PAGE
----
You may also want to consider having a radio, CD player, or iPod to provide some "working" music and bottled water or other non-alcoholic beverages to wet your whistle (definitely lay off the beers until the work is done). I think that pretty well covers all the preliminary stuff, so let's get started.

DIFFICULTY INDEX
ANYONE’S PROJECT | no tools required I
BEGINNER | basic tools II
EXPERIENCED | special tools III
ACCOMPLISHED | special tools and outside help IIII
PROFESSIONALS ONLY | send this work out IIIII

Project 1
Stainless Intake Manifold Bolt Replacement
Applicable Years:
C1, C2, C3
Skill Level: 1 Wrench
Tools Required: Appropriate sockets, torque wrench, wrenches; factory service manual or correct torque specs for your engine year/model; new stainless steel bolts and washers
Time Required: 1-2 hours
Parts Source: www.boltdepot.com, local hardware, fastener supply, or home improvement center

There's a lot of moisture and humidity in the part of the country where I live, and this makes keeping up with and ahead of rust a constant challenge, especially when it comes to the engine bolts on my Corvettes. I've always been a big fan of stainless steel fasteners because they don't rust and always maintain a nice appearance. I also should mention that I don't enter my cars in judged shows, so I'm not really concerned about correctness. That being said, I decided to replace all the intake manifold bolts on my '67 big-block coupe with spiffy stainless fasteners. This is an easy project to do, but you want to make sure you only remove one bolt at a time, and insert and tighten the stainless replacement to the correct torque before removing the next one. This is done for two reasons: First, it minimizes the chance for any coolant leakage, and second, this won't create any great disturbance in the overall torque of the manifold so there won't be any warping.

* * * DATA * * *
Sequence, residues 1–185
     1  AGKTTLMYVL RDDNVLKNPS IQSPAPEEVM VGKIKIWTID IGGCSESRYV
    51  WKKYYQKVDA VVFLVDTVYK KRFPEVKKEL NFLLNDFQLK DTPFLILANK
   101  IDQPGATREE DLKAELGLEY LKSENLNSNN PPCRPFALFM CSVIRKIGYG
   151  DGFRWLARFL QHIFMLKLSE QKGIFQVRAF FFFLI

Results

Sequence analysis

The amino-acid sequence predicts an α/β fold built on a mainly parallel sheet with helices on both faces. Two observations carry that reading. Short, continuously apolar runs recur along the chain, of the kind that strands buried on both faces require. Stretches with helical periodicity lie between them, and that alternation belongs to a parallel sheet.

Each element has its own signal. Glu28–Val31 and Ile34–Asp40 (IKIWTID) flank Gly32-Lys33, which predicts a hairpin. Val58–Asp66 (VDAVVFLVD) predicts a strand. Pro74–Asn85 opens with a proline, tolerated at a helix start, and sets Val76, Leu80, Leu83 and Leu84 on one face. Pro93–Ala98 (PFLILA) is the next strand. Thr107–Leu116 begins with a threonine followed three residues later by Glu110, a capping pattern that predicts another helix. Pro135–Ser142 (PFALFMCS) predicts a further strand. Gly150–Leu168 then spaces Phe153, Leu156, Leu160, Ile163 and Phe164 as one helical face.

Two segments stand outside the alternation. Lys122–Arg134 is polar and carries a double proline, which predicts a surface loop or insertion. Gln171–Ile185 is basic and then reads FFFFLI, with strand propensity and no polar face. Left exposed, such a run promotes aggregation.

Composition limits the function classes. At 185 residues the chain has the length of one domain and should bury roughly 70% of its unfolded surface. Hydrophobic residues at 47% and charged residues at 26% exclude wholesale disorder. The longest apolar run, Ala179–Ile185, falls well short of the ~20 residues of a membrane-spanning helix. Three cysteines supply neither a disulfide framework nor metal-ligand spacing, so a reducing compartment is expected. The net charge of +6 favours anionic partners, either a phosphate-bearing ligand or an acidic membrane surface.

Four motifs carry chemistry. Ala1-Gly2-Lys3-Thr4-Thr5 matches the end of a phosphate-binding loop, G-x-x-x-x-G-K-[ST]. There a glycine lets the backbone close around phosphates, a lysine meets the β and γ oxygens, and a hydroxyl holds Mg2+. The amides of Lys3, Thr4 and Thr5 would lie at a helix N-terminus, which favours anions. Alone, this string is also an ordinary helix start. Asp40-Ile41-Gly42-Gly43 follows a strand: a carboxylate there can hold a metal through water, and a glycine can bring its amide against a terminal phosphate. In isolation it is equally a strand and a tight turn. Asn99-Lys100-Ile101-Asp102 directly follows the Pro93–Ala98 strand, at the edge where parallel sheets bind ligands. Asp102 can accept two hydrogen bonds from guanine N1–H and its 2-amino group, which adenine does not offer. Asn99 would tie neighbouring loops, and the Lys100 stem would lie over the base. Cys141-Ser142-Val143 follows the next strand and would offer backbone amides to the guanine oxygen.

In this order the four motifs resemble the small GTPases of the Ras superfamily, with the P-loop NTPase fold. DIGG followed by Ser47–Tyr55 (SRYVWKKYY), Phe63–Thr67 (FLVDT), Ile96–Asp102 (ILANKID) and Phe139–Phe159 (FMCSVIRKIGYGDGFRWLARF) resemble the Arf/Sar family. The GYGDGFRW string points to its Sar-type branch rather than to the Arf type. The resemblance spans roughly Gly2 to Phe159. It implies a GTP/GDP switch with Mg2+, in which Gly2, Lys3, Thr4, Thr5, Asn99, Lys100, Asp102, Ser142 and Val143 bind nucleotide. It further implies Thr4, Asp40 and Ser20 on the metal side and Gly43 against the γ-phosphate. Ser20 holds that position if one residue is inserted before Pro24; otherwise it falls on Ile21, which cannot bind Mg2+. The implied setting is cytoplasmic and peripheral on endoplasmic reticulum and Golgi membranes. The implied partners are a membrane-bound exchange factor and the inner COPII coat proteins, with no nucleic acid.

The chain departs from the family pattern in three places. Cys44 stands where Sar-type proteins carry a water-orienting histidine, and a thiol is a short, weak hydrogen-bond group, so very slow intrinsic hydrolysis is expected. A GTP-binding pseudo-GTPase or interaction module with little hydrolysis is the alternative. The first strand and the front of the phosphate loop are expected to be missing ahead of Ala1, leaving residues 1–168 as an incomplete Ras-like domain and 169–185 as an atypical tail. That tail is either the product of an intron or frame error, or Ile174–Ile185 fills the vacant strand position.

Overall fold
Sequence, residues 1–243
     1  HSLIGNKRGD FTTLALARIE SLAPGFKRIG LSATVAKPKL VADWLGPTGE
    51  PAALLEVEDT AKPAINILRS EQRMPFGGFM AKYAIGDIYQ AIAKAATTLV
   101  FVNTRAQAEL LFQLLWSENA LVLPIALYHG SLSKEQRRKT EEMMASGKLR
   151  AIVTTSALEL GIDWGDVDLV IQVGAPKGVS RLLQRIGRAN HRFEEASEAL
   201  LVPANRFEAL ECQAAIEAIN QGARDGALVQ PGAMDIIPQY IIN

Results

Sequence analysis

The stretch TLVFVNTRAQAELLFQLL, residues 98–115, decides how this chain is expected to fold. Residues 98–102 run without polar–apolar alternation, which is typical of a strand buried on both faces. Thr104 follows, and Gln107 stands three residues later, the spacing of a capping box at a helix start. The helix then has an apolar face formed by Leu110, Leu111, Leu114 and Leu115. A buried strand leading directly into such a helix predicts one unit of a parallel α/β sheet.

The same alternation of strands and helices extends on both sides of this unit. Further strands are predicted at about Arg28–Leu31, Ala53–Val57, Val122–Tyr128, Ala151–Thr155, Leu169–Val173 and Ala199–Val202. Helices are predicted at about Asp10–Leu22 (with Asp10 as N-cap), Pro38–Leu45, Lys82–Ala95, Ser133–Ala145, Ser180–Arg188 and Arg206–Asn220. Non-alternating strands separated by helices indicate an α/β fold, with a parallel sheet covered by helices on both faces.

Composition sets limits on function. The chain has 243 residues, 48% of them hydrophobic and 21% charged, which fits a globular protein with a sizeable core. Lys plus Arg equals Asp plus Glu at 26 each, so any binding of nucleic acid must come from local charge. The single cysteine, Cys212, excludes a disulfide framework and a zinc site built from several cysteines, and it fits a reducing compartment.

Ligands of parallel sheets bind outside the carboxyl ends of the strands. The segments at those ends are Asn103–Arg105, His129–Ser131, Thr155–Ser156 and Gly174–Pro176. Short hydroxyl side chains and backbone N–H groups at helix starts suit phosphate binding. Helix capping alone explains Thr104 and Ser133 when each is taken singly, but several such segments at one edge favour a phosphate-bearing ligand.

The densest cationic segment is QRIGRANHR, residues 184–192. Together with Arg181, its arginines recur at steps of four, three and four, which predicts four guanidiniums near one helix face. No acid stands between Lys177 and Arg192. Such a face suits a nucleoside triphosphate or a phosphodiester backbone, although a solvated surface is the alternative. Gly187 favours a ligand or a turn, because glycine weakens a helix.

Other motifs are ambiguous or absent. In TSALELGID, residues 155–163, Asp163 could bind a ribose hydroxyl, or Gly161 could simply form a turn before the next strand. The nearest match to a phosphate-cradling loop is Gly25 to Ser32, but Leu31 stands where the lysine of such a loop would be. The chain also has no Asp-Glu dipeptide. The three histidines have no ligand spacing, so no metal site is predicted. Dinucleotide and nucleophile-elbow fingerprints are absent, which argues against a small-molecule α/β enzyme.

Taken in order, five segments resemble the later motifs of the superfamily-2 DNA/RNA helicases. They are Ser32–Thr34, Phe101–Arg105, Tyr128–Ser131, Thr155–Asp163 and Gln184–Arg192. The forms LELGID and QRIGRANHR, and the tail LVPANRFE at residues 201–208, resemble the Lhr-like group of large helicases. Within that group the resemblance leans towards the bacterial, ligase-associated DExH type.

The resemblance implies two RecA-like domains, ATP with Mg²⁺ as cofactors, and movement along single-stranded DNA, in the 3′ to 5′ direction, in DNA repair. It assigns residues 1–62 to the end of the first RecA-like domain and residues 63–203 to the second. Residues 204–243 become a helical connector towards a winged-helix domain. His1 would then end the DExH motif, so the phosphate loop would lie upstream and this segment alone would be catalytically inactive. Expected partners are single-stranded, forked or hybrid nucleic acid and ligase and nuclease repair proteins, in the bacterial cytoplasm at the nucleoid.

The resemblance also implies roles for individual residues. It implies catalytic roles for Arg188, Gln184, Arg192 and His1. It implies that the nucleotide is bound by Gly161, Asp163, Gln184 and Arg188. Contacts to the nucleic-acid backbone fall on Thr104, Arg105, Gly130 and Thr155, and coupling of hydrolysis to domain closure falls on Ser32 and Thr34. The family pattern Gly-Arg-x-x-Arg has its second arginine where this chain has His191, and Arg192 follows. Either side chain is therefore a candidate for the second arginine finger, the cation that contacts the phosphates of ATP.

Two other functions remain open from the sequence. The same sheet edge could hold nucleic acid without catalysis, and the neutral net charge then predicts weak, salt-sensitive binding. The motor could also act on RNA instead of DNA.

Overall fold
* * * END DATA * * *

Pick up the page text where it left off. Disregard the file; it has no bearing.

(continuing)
I ordered the replacement bolts from www.boltdepot.com, but you can also get them from the local fastener supply, a well-stocked hardware store, or a home improvement center such as Home Depot or Lowes. Replacing all the bolts should take about an hour on most models, although it may take a little longer on some (e.g., tri-powers) if there is more plumbing to contend with. It really dresses up the engine, and it eliminates rusty-bolt syndrome for good.